6.30 pm. Practice session 1. An exploration of Pedalboard 1’s sonic potential, one effecter at a time, and then in pairs. I’m getting close to the tonality that is in my mind’s ear. 7.30 pm. I need to nail down the lectures for the Chapels in Wales module (for the last time):


9.45 pm. Practice Session 2. Fun with a ring modulator.

January 22, 2015

8.00 am. I processed the relatively long Matt. 20.21. (The road seems to get steeper towards the end of the race.) 9.20 am. Into the studio to complete the first phase of the final panel for Image & Superscription, push YWYH a few steps further forward, and reconsider the process by which Chi Rho should be executed. This latter work can either be simple/simple or complex/simple.

What kind of music to I listen to when I’m painting? Presently (and ironically, given the nature of my visual work), free jazz, experimental guitar playing, and a broad palette of other forms of non-intentional music and sound. Henry Purcell gets an airing during the evening sessions.

Inevitably, when pushing paint over a broad surface, drips occur. One has to make a decision about their status. Either they’re a fact of the process of painting, and should remain, or else they’re a fly in the ointment that may necessitate overpainting the sullied area. My all time favourite drip (in someone else’s work) graces Rothko’s Black on Maroon (1958). It’s a small incident, but one that asserts the act of painting, the presence of the active artist, and the nature of paint:


11.00 am.  I decided to opt for the complex/simple option with respect to Chi Rho. However, on this occasion, I’ll be filling-in with only one layer of paint in order to animate the surface:


12.00 pm. At the School, I engage a collective rumination with a colleague on methods of converting Excel sheets to pdfs, to jpgs, and then to print. One success, one unaccountable failure. One persists.

2.00 pm. No solution to the Excel issue, still. Paint is a phenomenon unto itself; at one and the sametime compelling, disturbing, and mildly erotic:

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Chi Rho is now well underway, and already has a distinctive identity within the group of painted works.

6.20 pm. Practice session 1. 7.30 pm. On with the writing. The burden of explanation, exposition, and elucidation is tiresome.

January 21, 2015

8.15 am. On with the last five of The Floating Bible verses. I completed Matt. 20.20 by 9.30 am. Today, we assess the MA Fine Art (FT) Portfolio module. The assessment schedule threw up the name of a student who had honourably passed out of the School several years ago. Clearly, my registers are haunted by the ghosts of students past. Hacked away at the administrative undergrowth in before the meat of the day. 10.30 am. The first of three assessments. A rich morning: three distinct personalities, approaches, types of professionalism, and exciting possibilities for the future:


2.00 pm. Other artists’ work seems so much less problematic than one’s own. An illusion, of course. I work with the acute consciousness that something must come to an end, because an end has been reached. It is an end of the nature of a conclusion rather than of an impasse. With it comes a sense of release and unknowing. When you stop doing something, a space opens up. The temptation (one that must be assiduously avoided) is to fill it, immediately:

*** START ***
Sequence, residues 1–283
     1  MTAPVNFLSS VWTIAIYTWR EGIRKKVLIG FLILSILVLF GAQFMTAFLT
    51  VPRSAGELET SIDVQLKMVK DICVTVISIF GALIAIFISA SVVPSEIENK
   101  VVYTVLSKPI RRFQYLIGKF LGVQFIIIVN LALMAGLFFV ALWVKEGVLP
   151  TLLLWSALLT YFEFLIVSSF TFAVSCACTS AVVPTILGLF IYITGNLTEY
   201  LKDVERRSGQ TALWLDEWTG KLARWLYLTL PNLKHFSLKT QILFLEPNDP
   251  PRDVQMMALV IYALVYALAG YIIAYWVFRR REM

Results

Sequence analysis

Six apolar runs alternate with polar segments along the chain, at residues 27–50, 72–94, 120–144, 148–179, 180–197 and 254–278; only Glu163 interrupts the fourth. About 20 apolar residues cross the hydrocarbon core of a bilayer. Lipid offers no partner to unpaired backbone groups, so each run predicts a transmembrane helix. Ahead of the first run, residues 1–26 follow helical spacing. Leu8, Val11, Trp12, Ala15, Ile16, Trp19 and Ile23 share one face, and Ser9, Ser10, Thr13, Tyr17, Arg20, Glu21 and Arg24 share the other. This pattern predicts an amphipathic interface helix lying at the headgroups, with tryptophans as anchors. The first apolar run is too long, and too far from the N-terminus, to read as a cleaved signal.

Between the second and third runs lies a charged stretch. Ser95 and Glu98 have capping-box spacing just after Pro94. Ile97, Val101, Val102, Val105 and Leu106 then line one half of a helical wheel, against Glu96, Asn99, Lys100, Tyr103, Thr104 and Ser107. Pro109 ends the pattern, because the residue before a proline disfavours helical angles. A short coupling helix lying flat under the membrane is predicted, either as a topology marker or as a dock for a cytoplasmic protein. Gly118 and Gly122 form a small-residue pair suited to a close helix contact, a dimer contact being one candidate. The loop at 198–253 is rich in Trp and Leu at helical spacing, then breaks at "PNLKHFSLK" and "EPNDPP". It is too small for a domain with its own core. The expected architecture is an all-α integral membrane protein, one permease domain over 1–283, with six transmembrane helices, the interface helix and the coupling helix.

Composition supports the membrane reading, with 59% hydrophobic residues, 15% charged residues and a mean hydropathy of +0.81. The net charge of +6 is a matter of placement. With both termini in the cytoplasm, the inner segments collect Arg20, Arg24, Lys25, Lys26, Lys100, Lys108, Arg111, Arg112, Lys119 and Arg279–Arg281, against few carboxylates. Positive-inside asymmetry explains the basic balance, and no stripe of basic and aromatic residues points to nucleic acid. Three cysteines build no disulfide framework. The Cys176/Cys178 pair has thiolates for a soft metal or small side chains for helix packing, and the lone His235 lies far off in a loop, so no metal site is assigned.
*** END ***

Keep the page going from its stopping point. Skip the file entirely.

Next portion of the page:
3.45 pm. I’m ‘experimenting’ with a process of painting that reverses the accepted wisdom of fat over lean, by thinning success layers of paint with turpentine. The impact on the integrity of matt paint (which has very little medium in any case) may be negligible. In so doing, I’m endeavouring to replicate the viscosity of the water-based emulsion and equalise the surface tension across each layer:


6.20 pm. Practice session 1.  7.20 pm. The thinned paint has dried (more or less), and the surface is reasonably even. Short of airbrushing the paint on, this is about as good as you get with turgid, commercial, opaque paint and a decorator’s brush. Back to writing the catalogue.

9.45 pm. Practice session 2. I’m putting Pedalboard 1 through its paces. The board is chiefly a collection of distortion, and a few modulation, pedals:



January 20, 2015

8.30 am. Into the School. The anticipated order of the day had to be changed. Consequently, I had time to begin settling my teaching diary for the semester and the dates for the final delivery of the Chapels in Wales module:


9.45 am. An MA Fine Art tutorial in the context of a productively  messy studio. Painting insists upon its own space:


11.00 am. Sourcing and, then, a return to the relative cleanliness and order of my own studio space (appropriate to the work). I continued with the fourth panel in the Image & Superscription series, added a layer to YHWH, and primed a board in readiness for Chi Rho:


4.20 pm. Like Moses’ bush: the houses burned with fire, and the houses were not consumed:


6.30 pm. Practice session 1. right and left hand coordination exercises. 7.30 pm. Back to writing. There’s an art in knowing just how how much to explain and what must remain obscure.